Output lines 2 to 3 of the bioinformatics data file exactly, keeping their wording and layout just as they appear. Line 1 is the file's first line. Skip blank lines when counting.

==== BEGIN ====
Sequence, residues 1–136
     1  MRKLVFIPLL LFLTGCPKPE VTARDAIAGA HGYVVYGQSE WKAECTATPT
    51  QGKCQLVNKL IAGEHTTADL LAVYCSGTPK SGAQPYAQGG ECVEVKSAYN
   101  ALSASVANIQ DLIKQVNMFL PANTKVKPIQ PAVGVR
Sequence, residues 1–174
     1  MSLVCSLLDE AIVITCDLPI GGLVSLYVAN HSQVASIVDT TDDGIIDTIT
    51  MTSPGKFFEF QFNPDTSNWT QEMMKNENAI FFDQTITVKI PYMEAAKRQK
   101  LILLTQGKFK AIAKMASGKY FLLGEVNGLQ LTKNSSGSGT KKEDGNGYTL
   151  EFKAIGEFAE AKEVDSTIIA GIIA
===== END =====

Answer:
     1  MRKLVFIPLL LFLTGCPKPE VTARDAIAGA HGYVVYGQSE WKAECTATPT
    51  QGKCQLVNKL IAGEHTTADL LAVYCSGTPK SGAQPYAQGG ECVEVKSAYN